"God did not send his Son into the world to condemn the world, but that the world might be saved through him" (cf. Jn 3:17). The world that the Son of man found when He became man deserved condemnation, because of the sin that had dominated all of history, beginning with the fall of our first parents. This is another point that is absolutely unacceptable to post-Enlightenment thought. It refuses to accept the reality of sin and, in particular, it refuses to accept original sin.
When, during my last visit to Poland, I chose the Decalogue and the commandment of love as a theme for the homilies, all the Polish followers of the "enlightened agenda" were upset. For such people, the Pope becomes persona non grata when he tries to convince the world of human sin. Objections of this sort conflict with that which Saint John expresses in the words of Christ, who announced the coming of the Holy Spirit who "will convince the world in regard to sin" (cf. Jn 16:8). What else can the Church do? Nevertheless, convincing the world of the existence of sin is not the same as condemning it for sinning. "God did not send his Son into the world to condemn the world, but that the world might be saved through him." Convincing the world of sin means creating the conditions for its salvation. Awareness of our own sinfulness, including that which is inherited, is the first condition for salvation; the next is the confession of this sin before God, who desires only to receive this confession so that He can save man. To save means to embrace and lift up with redemptive love, with love that is always greater than any sin. In this regard the parable of the prodigal son is an unsurpassable paradigm.
The history of salvation is very simple. And it is a history that unfolds within the earthly history of humanity, beginning with the first Adam, through the revelation of the second Adam, Jesus Christ (cf. 1 Cor 15:45), and ending with the ultimate fulfillment of the history of the world in God, when He will be "all in all" (1 Cor 15:28).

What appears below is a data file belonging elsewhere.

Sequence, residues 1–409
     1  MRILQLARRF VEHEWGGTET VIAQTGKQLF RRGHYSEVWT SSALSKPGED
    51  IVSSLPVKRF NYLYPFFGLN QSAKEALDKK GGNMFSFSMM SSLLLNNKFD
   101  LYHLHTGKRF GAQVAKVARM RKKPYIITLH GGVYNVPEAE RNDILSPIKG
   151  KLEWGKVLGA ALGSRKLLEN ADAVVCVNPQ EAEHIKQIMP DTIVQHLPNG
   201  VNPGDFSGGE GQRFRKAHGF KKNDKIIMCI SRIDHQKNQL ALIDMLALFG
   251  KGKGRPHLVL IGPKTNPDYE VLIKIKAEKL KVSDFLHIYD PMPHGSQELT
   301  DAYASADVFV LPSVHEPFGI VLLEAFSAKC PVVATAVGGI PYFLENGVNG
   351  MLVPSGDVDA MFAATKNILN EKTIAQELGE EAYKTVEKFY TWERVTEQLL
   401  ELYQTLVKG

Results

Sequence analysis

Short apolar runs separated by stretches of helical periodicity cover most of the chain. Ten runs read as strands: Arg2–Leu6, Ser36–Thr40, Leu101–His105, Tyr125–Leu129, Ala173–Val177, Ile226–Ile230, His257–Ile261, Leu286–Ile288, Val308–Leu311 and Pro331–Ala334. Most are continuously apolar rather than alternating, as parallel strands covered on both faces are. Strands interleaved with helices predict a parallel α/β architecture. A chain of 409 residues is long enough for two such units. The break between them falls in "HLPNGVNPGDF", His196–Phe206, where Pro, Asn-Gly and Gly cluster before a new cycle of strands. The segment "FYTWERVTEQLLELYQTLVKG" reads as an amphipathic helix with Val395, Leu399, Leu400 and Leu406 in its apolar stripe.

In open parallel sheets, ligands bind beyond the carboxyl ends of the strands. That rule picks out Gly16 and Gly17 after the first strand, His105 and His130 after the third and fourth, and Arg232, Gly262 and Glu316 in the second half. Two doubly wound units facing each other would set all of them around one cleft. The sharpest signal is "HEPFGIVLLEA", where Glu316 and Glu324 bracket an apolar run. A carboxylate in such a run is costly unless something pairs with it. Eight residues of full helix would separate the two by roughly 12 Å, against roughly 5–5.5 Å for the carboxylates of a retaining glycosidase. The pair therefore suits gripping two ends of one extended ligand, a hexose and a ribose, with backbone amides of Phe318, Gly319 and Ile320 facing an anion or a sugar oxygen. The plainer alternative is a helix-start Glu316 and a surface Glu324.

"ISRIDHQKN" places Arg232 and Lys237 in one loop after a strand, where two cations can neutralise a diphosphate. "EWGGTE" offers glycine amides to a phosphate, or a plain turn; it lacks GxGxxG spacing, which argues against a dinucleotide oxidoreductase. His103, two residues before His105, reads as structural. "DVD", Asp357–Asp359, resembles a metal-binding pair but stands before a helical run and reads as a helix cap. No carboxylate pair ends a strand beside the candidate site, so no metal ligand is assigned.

At the same time, this history embraces the life of every man. In a certain sense it is entirely contained in the parable of the prodigal son, or in the words of Christ when He addresses the adulteress: "Neither do I condemn you. Go, [and] from now on do not sin anymore" (Jn 8:11).
The history of salvation is synthesized in the fundamental observation of God's great intervention in the history of humankind. This intervention reaches its culmination in the Paschal Mystery-the Passion, Death, Resurrection, and Ascension of Christ to heaven-and is completed at Pentecost, with the descent of the Holy Spirit upon the apostles. This history, while it reveals the redemptive will of God, also reveals the mission of the Church. It is the history of every individual and the entire human family, created in the beginning and then re-created in Christ and in the Church. Saint Augustine had a profound insight into this history when he wrote De Civitate Dei (The City of God). But he was not the only one.
The history of salvation continues to offer new inspiration for interpreting the history of humanity. Because of this, numerous contemporary thinkers and historians are also interested in the history of salvation. It is, in fact, the most stimulating of themes. All of the questions raised by the Second Vatican Council are reducible, finally, to this theme.
The history of salvation not only addresses the question of human history but also confronts the problem of the meaning of man's existence. As a result, it is both history and metaphysics. It could be said that it is the most integral form of theology, the theology of all the encounters between God and the world. The Pastoral Constitution on the Church in the Modern World, Gaudium et Spes, is nothing other than a contemporary presentation of this great theme.